Energetic student leads 400-member Sun Devil Marching Band
After Sparky and the cheerleaders, the most energetic person preceding the football players on the field at Arizona State University each fall weekend is usually Greg Rudolph, a sophomore from Laguna Niguel, Calif.
Rudolph bursts onto the field in his black uniform as a drum major leading the 400-member Sun Devil Marching Band, a plum position he auditioned for last spring. While showmanship and musical ability are part of his job, Rudolph’s biggest role is that of a leader and a motivator of a huge group of diverse students. It’s a heady responsibility for a 19-year-old.
He plans, organizes and conducts performances and works closely with the band office on the logistics of their frequent events. He says his main job is keeping everyone excited about what they’re doing, a task that fits him to a T.
“When we run out onto the field, with the fireworks going off, it’s thrilling,” he says. “The best part is that wherever we go, we represent Sun Devil pride, and all the members and the audience feel that.”
Rudolph graduated in 2010 from Dana Hills High School, where he was a valedictorian and senior drum major for the marching band.
He received an acceptance letter from UCLA, but he had always wanted both to attend a good business school and be in a top collegiate marching band, a hard combination to find. After visiting several Pac-10 schools to watch their bands and to investigate their business programs, he attended an ASU football game one Thanksgiving weekend.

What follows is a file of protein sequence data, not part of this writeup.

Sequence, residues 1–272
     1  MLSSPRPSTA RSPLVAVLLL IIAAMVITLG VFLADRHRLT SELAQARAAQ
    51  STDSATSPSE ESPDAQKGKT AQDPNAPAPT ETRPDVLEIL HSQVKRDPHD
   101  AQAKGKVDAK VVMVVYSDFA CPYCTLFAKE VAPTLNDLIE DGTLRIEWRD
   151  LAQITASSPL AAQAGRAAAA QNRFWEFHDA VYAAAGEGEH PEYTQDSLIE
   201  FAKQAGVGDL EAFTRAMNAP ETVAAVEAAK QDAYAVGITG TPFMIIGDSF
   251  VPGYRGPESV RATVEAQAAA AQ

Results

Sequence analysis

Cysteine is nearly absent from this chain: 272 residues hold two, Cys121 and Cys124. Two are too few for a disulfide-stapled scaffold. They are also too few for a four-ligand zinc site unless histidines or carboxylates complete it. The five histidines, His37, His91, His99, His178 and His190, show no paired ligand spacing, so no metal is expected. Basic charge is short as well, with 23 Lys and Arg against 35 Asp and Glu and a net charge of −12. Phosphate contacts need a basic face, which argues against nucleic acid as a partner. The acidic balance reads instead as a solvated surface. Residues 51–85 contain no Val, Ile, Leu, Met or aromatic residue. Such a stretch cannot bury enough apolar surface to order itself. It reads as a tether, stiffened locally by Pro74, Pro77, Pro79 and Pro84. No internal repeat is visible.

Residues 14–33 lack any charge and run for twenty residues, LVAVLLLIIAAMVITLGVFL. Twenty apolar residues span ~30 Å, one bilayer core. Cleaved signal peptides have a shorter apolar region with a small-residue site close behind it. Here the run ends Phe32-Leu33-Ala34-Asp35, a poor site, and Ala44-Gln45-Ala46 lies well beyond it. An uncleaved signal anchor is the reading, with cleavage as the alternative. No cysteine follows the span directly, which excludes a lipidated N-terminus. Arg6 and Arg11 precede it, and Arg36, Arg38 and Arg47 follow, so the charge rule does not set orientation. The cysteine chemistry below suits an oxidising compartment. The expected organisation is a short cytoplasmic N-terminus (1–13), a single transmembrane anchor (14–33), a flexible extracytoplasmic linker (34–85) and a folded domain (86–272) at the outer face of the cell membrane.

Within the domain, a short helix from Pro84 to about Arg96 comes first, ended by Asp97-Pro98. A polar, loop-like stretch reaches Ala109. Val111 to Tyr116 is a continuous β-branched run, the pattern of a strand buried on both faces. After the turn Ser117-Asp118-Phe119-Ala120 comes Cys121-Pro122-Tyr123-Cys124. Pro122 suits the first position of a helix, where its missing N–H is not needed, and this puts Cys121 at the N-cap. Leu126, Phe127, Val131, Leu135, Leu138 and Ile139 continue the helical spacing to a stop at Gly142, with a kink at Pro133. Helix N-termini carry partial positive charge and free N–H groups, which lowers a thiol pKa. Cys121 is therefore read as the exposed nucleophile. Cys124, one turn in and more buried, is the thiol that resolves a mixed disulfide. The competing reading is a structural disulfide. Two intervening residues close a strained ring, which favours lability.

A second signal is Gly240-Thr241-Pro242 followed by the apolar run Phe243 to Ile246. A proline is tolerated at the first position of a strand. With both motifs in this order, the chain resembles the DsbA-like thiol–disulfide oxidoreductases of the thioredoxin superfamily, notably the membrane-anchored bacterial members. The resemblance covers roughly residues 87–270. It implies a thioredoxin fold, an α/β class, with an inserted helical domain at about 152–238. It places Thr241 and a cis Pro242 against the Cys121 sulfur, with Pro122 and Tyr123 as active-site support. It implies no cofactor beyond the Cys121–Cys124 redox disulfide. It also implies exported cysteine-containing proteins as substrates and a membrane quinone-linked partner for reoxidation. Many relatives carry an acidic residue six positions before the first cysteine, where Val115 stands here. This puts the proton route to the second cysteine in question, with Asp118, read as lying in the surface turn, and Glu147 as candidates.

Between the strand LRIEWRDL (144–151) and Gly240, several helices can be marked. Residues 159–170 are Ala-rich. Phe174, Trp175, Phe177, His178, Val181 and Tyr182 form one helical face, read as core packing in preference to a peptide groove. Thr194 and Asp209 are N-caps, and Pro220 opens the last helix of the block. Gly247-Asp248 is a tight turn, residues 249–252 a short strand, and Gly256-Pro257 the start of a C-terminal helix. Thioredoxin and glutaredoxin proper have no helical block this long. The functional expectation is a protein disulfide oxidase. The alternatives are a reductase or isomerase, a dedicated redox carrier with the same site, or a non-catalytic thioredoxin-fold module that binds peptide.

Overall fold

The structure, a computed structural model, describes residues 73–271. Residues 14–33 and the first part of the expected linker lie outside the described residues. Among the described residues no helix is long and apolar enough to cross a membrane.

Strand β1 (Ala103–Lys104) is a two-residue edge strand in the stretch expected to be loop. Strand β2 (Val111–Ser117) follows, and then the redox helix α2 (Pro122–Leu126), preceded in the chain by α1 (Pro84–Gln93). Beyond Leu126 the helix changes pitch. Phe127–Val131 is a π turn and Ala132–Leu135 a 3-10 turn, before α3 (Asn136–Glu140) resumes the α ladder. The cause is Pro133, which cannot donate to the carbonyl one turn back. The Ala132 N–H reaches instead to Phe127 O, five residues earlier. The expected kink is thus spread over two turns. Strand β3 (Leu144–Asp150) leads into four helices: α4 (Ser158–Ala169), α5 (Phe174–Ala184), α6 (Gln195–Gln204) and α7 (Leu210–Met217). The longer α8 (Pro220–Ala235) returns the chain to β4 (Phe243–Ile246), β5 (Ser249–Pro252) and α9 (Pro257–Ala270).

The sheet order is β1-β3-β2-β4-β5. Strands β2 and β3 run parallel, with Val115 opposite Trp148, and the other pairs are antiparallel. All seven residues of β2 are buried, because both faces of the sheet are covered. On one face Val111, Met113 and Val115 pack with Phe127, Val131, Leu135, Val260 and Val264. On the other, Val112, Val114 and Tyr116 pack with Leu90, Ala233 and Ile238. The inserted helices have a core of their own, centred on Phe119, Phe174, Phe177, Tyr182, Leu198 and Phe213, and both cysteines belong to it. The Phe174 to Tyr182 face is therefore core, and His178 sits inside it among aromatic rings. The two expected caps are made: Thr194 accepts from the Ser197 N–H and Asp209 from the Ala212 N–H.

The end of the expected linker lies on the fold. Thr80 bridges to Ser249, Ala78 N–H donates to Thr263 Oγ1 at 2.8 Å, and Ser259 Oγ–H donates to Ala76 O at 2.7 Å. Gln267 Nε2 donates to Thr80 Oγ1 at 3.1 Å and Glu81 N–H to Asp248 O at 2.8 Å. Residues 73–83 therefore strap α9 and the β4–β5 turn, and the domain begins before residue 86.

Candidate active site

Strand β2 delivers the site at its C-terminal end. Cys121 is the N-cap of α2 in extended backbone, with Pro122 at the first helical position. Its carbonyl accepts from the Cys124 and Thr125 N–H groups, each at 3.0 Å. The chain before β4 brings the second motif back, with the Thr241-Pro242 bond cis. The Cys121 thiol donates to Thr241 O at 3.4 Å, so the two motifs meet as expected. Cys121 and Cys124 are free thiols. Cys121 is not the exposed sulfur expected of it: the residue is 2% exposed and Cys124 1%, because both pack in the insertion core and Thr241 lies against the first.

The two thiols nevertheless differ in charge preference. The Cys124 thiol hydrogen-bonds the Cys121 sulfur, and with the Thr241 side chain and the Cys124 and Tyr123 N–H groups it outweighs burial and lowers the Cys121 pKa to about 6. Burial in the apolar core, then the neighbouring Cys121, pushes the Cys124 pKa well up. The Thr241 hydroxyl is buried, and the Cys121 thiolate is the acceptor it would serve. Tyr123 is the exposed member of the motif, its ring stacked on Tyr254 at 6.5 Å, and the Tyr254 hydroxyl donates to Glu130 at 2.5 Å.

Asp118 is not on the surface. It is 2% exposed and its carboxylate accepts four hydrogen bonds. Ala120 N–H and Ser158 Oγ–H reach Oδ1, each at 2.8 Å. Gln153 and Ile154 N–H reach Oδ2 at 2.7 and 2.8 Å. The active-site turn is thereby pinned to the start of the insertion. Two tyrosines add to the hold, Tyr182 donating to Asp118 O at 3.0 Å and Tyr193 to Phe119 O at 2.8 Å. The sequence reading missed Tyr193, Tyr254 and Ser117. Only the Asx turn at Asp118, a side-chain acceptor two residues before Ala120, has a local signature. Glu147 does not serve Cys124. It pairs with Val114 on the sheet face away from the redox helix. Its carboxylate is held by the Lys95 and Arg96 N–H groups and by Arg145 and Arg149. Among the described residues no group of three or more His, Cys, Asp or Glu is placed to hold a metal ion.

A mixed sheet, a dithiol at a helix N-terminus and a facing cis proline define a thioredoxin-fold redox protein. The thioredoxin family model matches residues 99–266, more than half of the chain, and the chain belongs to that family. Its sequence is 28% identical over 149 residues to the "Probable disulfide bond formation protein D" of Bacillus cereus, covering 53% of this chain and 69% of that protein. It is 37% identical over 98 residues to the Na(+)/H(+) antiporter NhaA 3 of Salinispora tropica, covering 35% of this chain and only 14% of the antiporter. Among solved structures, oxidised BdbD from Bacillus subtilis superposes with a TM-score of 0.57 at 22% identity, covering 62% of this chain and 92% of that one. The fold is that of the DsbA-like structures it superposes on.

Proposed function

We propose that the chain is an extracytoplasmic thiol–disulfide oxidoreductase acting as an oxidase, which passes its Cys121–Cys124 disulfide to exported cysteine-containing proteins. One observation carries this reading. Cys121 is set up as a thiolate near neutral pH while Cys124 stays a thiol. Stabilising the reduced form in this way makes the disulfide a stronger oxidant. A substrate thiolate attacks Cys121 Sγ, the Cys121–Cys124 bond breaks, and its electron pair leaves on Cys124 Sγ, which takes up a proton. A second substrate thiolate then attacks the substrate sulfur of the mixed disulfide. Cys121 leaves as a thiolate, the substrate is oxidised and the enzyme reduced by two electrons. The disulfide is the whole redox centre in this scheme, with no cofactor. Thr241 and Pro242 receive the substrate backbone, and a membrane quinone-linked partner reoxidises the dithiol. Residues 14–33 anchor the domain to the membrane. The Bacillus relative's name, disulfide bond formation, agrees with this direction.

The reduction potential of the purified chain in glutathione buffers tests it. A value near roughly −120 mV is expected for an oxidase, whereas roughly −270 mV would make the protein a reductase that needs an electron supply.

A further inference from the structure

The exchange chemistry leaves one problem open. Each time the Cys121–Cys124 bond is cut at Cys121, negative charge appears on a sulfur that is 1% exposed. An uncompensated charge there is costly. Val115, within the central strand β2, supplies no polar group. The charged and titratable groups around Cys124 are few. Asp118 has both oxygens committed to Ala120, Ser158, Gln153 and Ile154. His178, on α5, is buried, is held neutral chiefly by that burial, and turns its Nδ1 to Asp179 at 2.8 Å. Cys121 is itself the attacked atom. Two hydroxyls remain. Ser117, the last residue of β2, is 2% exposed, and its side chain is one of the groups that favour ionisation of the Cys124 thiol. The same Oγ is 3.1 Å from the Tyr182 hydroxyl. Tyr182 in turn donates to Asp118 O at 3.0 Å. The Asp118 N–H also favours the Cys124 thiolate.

“I saw the ASU band perform ‘The Who’ show, and it just blew me away,” he says. “I knew it was a band I wanted to be part of. Then I found out ASU has a terrific, highly-regarded business school, and a new Barrett Honors College complex. I visited Barrett, and they made me feel welcome.
“UCLA felt impersonal, like I was just a number and they really didn’t want to accept any more students. They didn’t offer a marketing major. At ASU, the personal, small-school feel of Barrett along with the advantages, amenities and school spirit of a large university were unlike anything offered at the other schools I visited.”
ASU President Michael Crow has attended band rehearsals, Rudolph says, as well as their recent Pass in Review concert at Wells Fargo Arena. The ASU marching band has a long history of excellence, having won the John Philip Sousa Foundation Sudler Trophy as the best collegiate band in the nation.
Rudolph is active in Honors Devils for Barrett, the Honors College, leading tours of the complex for prospective students that are as “fun, informative and memorable” as possible, in addition to presenting at recruiting events. He says the biggest misconception high school students have is that there’s nothing to do in the Phoenix area.
“It’s funny, because there’s such a variety of things to do here. Phoenix is a vibrant city, with all kinds of sporting events and live concerts, and there’s a light rail to take you downtown. At ASU there are so many opportunities to try different activities. For a California student, it’s the perfect distance away, not too close, but close enough to occasionally go home.”
A marketing major, Rudolph plans to specialize in supply chain management. Also an avid skier and scuba diver, he hopes eventually to start his own company, putting his leadership and public speaking skills to work.
Next up for Rudolph and the marching band is a trip to the MAACO Bowl in Las Vegas on Dec. 22, where the Sun Devils will take on the Boise State Broncos.
Written by Sarah Auffret